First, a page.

Foreign Minister Davutoğlu describes the civil war in Syria as the darkest page in the history of the 21st century
ANKARA – The international community has failed a big test in Syria, Turkish Foreign Minister Ahmet Davutoğlu said on Monday, as the country entered its fourth year of civil war. "If the Syrian crisis continues on this track, most probably it will be the darkest page in the history of the 21st century," Davutoğlu told the Anadolu Agency (AA), adding that Turkey had done what was needed. "The most painful fact is that there are more than 2.5 million Syrians in Turkey who do not have access to essential goods like bread and water," Davutoğlu said.
He thanked all the Turkish provinces involved in hosting the Syrian refugees. "We are hosting nearly 700,000 Syrian refugees," Davutoğlu noted, adding that "220,000 to 230,000 refugees are staying in camps."
More than 100,000 people have been killed since the conflict between opposition forces and the regime of Bashar Assad began in March 2011, according to the United Nations.
The Liwa al-Twahid group in the Syrian city of Aleppo has captured 34 Alawite soldiers in clashes with regime forces over the last three years.
The Liwa al-Twahid spokesman, Salih Anadani, told a correspondent for the Anadolu Agency in Aleppo that the group wanted to arrange a deal to exchange the soldiers they hold for women prisoners held by the regime.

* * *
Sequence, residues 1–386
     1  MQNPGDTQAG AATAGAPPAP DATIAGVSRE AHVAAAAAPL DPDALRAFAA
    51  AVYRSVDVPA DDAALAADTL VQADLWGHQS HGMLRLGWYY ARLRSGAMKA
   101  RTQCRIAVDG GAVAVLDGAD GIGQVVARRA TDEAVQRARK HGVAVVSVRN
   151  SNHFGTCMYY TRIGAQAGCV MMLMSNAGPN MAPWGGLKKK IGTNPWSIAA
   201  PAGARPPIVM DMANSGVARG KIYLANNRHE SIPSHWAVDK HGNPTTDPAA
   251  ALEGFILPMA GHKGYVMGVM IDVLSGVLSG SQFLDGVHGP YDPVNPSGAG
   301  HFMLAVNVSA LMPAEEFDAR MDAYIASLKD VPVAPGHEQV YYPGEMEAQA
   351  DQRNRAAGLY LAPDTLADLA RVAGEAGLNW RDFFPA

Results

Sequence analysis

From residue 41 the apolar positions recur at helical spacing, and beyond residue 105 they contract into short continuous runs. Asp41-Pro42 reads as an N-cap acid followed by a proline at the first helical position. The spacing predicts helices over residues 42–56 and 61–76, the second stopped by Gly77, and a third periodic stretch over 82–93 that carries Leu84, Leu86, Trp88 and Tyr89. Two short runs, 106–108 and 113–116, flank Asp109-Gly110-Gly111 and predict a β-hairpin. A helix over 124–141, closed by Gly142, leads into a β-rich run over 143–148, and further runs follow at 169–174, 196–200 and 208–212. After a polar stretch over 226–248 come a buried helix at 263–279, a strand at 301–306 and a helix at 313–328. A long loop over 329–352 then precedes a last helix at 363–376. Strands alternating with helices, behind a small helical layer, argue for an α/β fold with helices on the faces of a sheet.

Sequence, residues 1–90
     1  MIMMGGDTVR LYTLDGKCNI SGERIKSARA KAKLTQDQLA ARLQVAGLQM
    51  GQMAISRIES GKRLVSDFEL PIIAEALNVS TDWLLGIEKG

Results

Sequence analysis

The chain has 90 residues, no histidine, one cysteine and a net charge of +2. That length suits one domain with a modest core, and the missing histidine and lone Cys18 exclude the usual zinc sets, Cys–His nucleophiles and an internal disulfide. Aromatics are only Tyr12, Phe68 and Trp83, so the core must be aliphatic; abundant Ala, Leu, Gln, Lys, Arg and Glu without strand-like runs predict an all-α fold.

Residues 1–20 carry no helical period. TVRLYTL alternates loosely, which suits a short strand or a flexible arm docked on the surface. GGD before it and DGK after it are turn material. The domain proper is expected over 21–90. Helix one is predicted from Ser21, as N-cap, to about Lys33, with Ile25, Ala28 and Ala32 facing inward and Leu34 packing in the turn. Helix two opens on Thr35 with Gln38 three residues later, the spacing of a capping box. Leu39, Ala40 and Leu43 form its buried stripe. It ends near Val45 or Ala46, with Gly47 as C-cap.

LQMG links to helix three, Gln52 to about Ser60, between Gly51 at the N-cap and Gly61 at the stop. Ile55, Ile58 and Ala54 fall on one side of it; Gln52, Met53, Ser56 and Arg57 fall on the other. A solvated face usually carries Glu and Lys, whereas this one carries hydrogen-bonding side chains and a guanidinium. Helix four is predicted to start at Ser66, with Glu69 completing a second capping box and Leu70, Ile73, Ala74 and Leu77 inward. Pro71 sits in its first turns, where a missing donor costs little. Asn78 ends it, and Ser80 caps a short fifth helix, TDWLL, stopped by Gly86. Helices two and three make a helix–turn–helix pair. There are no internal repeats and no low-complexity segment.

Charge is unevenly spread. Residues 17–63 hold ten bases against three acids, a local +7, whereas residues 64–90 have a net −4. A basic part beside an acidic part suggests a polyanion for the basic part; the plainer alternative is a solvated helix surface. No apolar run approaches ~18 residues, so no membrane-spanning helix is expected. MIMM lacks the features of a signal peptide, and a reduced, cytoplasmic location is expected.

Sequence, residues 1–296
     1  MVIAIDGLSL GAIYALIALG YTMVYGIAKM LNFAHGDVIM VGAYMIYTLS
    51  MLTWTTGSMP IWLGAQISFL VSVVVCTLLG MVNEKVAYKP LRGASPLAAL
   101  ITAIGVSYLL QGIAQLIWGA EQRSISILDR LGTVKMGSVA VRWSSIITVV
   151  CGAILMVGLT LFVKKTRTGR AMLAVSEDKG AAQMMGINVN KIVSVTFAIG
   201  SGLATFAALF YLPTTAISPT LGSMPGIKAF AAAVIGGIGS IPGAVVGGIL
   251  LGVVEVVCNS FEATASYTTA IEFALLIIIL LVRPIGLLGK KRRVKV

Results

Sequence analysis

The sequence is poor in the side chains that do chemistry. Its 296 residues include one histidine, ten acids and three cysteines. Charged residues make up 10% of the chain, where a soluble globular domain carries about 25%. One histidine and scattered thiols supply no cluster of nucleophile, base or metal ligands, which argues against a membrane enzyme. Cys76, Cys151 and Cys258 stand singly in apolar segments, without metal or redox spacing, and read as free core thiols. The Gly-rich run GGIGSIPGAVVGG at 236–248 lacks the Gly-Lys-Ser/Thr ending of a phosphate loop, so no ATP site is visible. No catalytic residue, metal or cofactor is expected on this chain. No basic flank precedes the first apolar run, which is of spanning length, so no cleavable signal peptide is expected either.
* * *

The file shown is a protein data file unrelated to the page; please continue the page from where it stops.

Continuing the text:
Ali Hasan, one of the captured regime soldiers, said that Syrian soldiers had been fighting on the front lines, yet Iranian and Lebanese hostages had been freed before them in prisoner trades. "The priority for the hostage swap should be given to the soldiers who fought in Syria," Hasan said. "We are still captive here. The regime must act immediately for a hostage deal if they want to rescue us."
Mahmud Salim, who worked for the Political Security Directorate in Raqqa before he was captured, sent a message to his family saying he was alright and hoped to see them soon. "We fought the regime opponents for more than one year,"
Salim said. "Why the regime does not take care of us?"
Another captured soldier, Ala Suheyl Nakit, said he was badly injured in a clash with the rebel groups. "I recovered with the help of the opposition," he said.
Under a deal brokered by Turkey and Qatar, the Assad regime agreed to free 2,130 prisoners in exchange for 48 Iranians held by Syrian rebels.
The United Nations has said that 3.5 million people have been internally displaced since the conflict erupted since the conflict began three years ago, and 2.5 million have sought refuge in neighboring countries. The vast majority of those refugees have fled to Lebanon, Turkey, Jordan, Egypt and Iraq. In Lebanon, there are more than 960,000 refugees, Turkey has around 634,000, Iraq has 584,500, and Egypt has 300,000 refugees.